Miss Rye's Emigration Home for Destitute Little Girls, Peckham, London
Miss Maria Rye was a pioneer of the emigration of orphan children to Canada. She worked both with the poor law authorities and with charitable organisations such as the Waifs and Strays Society.
As well as organising the travel arrangements of the children, she established a home in London, where destitute girls aged from 9 to 14 were accommodated prior to emigration. 'Miss Rye's Emigration Home for Destitute Little Girls' was opened in 1872 at Avenue House, just off the High Street, Peckham. Its object was 'To receive destitute little girls and send them to Canada, where they are placed out in families to be trained for service, the younger ones being adopted by patrons, and brought up as their own children.'
Avenue House was run by Miss Rye's sister Elizabeth (Bessie). Prior to their emigration, girls usually spent two or three months at the home receiving training in housework, kitchen work and laundry work, that would equip them for employment as domestic servants.
When Miss Rye retired in 1895, she donated Avenue House to the Waifs and Strays Society, together with her Canadian reception home at Niagara-on-the-Lake in Ontario. Avenue House then became the Society's Peckham Emigration Home.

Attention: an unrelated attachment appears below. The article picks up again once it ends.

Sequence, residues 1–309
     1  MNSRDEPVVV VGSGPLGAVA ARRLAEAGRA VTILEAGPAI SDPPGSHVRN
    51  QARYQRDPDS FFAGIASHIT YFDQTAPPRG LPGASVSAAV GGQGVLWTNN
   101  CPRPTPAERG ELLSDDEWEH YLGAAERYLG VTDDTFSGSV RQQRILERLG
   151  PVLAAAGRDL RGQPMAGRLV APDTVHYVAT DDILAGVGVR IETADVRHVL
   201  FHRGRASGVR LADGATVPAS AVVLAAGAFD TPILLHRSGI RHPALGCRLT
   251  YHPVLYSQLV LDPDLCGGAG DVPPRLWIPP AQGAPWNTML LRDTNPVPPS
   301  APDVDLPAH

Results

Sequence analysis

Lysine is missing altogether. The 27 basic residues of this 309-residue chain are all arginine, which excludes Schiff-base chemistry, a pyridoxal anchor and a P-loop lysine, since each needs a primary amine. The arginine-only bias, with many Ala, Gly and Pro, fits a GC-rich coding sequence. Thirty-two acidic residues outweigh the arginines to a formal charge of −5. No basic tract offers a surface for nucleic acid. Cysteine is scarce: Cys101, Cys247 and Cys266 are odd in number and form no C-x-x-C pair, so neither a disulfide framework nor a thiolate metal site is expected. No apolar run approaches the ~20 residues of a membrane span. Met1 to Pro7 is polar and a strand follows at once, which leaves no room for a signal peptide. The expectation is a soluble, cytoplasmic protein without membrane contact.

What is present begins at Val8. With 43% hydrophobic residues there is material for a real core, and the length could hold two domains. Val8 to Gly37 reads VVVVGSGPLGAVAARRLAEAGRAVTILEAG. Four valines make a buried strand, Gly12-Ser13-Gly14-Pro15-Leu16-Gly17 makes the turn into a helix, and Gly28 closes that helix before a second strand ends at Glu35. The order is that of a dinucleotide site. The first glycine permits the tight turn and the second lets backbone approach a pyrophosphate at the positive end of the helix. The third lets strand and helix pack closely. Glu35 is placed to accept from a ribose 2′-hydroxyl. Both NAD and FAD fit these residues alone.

Note: many repositories impose a closure period of up to 100 years for records identifying individuals. Before travelling a long distance, always check that the records you want to consult will be available.
- Emigration and Empire: The Life of Maria S. Rye (1999, Routledge)
- Bagnell, Kenneth The Little Immigrants: The Orphans Who Came to Canada (2001, Dundurn)
- Birt, Lilian M The Children's Home-Finder: the story of Annie Macpherson and Louisa Birt (1913, J. Nisbet)
- Corbett, Gail H Nation Builders: Barnardo Children in Canada (2002, Dundurn)
- Kershaw, Roger and Sacks, Janet New Lives for Old: The Story of Britain's child migrants: The Story of Britain's Home Children (2008, The National Archives)
- Kohli, Marjorie The Golden Bridge: Young Immigrants to Canada 1833-1939 (2003, Natural Heritage Books)
- McEvoy, Frederick J 'These Treasures of the Church of God': Catholic Child Immigration to Canada (in CCHA, Historical Studies, 65 (1999), 50-70)
- Parker, Roy Uprooted: The Shipment of Poor Children to Canada, 1867-1917 (2010, Policy Press)
- Maria Susan Rye entry in Dictionary of Canadian Biography
- British Home Children in Canada.
- National Library and Archives Canada especial the Home Children section.
- Young Immigrants to Canada.
- British Home Child Group International - has database of over 23,000 Canadian British Home Children
- British Isles Family History Society of Greater Ottawa (BIFHSGO) - has several indexes of the names of children brought to Canada by various organizations in the 19th and early 20th centuries.
- National Archives of Australia — Immigration Records.
Except where indicated, this page () © Peter Higginbotham. Contents may not be reproduced without permission.